For more than a decade, India’s fiscal problem has been on the back-burner, acknowledged as a concern, but excluded from the ranks of pressing issues. Now, however, the problem is back with a vengeance. COVID has upended the fiscal position, and fixing it will require considerable time and effort, even if the economy recovers. This worrisome prospect has prompted calls for the Fiscal Responsibility and Budget Management Act (FRBM) to be dusted off, reintroduced, and implemented — this time, strictly and faithfully. But before we heed them, we need to understand why the previous FRBM strategy failed and how to prevent a repeat. We argue below that the new strategy will look nothing like the current FRBM.

https://indianexpress.com/article/opinion/columns/coronanvirus-india-economy-gdp-growth-post-covid-7261915/

First things first, what is FRBM?

The Fiscal Responsibility and Budget Management Act, 2003 (FRBMA) is an Act of the Parliament of India to institutionalize financial discipline, reduce India’s fiscal deficit, improve macroeconomic management and the overall management of the public funds by moving towards a balanced budget and strengthen fiscal prudence. The main purpose was to eliminate revenue deficit of the country (building revenue surplus thereafter) and bring down the fiscal deficit to a manageable 3% of the GDP by March 2008.

https://en.wikipedia.org/wiki/Fiscal_Responsibility_and_Budget_Management_Act,_2003

Think of it as a one-person Alcoholic’s Anonymous club. It is of the government, for the government and by the government, and the idea is to wean the government off a dangerous addiction that it is hopelessly affixed to: debt.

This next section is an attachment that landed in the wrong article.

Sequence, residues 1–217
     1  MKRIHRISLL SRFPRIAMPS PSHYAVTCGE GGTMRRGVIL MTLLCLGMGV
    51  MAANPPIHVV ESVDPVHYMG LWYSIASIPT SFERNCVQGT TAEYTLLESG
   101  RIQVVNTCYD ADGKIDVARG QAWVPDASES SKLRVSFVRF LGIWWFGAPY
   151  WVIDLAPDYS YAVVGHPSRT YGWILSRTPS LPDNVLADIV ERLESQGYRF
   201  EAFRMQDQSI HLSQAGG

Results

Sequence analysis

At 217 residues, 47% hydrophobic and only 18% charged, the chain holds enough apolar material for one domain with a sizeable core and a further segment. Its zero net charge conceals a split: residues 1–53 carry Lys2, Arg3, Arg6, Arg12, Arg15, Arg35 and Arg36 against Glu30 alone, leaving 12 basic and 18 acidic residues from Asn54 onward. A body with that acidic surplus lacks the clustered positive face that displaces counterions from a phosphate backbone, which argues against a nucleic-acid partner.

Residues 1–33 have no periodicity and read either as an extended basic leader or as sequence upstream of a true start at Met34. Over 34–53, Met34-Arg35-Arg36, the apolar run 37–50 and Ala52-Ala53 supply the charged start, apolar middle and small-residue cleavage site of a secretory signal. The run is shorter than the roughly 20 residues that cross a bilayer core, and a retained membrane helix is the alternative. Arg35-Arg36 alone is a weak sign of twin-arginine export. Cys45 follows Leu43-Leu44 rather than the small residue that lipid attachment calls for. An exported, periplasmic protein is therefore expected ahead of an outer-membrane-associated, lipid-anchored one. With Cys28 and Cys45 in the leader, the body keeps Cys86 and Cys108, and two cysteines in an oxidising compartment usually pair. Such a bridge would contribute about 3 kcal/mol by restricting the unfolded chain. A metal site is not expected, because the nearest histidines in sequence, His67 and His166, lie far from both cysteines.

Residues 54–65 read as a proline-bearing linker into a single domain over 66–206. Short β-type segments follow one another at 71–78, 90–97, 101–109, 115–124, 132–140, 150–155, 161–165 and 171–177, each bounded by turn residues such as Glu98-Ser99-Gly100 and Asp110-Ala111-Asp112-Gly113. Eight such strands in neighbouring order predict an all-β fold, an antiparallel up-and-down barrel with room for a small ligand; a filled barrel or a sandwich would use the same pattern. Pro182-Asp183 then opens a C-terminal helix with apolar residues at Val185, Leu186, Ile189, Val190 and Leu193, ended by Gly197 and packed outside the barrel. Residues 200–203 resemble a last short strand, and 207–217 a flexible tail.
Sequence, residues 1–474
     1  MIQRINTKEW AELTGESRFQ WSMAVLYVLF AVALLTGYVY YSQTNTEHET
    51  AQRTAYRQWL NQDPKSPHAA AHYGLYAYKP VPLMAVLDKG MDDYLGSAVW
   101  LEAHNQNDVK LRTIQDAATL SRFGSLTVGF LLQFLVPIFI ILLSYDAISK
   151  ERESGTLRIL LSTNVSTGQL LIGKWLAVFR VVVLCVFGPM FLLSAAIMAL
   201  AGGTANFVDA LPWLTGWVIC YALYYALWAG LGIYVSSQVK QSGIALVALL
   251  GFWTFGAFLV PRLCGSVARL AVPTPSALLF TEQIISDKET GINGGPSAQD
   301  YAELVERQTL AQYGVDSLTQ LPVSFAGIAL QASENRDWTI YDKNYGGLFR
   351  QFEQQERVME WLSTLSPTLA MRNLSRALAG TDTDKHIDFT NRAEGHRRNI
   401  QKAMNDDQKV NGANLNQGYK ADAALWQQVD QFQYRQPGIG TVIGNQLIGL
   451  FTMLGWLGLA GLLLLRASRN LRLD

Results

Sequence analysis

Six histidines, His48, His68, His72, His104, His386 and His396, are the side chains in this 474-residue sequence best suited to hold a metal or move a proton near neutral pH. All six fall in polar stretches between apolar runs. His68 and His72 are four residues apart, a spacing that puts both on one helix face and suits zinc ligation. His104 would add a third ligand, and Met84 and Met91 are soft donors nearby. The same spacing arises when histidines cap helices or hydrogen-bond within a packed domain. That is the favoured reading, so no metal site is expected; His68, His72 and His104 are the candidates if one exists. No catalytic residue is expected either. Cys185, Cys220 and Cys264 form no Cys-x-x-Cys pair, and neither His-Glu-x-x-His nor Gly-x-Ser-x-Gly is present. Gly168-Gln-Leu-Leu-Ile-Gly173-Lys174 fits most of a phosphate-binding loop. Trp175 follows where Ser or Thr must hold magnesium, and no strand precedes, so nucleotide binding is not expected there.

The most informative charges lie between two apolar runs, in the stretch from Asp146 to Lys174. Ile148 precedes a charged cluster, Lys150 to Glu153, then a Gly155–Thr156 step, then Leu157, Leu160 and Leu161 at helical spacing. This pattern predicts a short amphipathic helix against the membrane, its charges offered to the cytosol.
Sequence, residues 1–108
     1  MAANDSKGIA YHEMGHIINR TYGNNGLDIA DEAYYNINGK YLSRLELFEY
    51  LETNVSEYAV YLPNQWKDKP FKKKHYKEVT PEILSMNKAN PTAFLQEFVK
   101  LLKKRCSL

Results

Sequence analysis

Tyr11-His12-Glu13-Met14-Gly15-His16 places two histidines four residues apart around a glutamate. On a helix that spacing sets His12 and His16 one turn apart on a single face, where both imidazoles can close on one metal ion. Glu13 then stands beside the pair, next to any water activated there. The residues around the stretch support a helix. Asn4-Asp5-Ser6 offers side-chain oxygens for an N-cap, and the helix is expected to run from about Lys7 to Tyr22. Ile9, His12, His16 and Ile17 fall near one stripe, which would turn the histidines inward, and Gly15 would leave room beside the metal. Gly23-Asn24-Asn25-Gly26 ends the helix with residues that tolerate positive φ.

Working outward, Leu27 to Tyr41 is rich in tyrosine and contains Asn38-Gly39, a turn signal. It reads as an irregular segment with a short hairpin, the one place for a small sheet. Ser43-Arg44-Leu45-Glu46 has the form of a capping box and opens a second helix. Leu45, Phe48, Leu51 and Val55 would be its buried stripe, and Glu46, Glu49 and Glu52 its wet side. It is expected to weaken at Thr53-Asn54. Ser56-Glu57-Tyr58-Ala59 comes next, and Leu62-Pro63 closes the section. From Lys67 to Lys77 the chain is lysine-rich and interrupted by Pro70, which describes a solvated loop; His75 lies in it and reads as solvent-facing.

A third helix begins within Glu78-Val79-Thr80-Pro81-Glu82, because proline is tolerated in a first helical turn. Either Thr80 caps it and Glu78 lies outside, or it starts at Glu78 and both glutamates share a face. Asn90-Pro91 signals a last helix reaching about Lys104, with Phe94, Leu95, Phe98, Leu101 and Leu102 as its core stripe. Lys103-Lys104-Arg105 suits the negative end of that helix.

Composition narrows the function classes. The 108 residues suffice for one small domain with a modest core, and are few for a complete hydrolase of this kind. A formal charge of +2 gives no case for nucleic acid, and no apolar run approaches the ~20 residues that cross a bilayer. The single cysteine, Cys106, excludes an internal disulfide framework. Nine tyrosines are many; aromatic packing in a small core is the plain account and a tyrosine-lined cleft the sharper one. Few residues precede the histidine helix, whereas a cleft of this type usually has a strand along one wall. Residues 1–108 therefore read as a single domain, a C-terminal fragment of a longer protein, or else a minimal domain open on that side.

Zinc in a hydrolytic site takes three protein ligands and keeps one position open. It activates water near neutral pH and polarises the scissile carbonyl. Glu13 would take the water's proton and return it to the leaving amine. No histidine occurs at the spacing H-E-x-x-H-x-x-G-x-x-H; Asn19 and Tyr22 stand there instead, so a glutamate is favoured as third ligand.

By the way, there are many reasons this is a good essay, not the least of which is how well structured it is. The first three sentences in the very first paragraph, excerpted above, point out the problem that is going to be addressed, without using any difficult words or jargon. Then they point out the tool that will be used to address the problem. Then they point out the tool itself has problems. Finally, the explain that the essay is about fixing those problems. And then the essay follows. You might want to keep this in mind when writing your own essays (or indeed creating your own podcasts/videos etc.)


Now, back to the essay:

  1. What is general government debt? Where can I access the data?
    Note the second hyperlink above: I’ve linked to the Fred St Louis page about India’s debt, which itself gets the data from the IMF. Here is the page from the Ministry of Finance’s own website titled Public Finance Statistics. It has not been updated since September 2015. Here is a Motilal Oswal report on the subject that pegs general government debt at INR 157,227 billion. (Exhibit 1 in the report). If you read footnote 3 of that exhibit, two things happen. The first thing that happens is that you realize that tracking down general government debt might take a while. The second thing that happens is you feel a rather large twinge of sympathy for the folks who have tried to do this exercise.
    Figure 1 in the well-written article that we are analyzing in today’s post doesn’t mention a source, unfortunately. So recreating that chart will involve a rather large part of our day – but I would strongly recommend that you do the exercise. If you want to analyze Indian macroeconomic data for a living, this will be a good initiation. And indeed, a write-up about this exercise alone is a worthy addition to your CV!
  2. Second r-g: what is r, and what is g?
    1. “r” is the policy rate, which in our case will be the repo rate. This is available on the homepage of the RBI, top-left, under current rates.
    2. Time series data? Available on the DBIE page, under key rates.
    3. “g” is the nominal growth rate of the economy, and can be found at MOSPI.
    4. A useful thing to do as a student is to try and recreate the chart in the well-written article.
    5. Pts 1 and 2 here will help you get most of the data, and try and use either Microsoft Excel or Datawrapper to recreate the chart.2
  3. Next, what is primary balance?3 Where does one get that data in India?4
  4. Next, this sentence from the article: “Simple fiscal arithmetic shows that debt does not explode when the former (primary balance) is greater than the latter (interest-growth differential)”. What is this “simple fiscal arithmetic”? They’ve explained it in equations 1 and 2 in this paper.5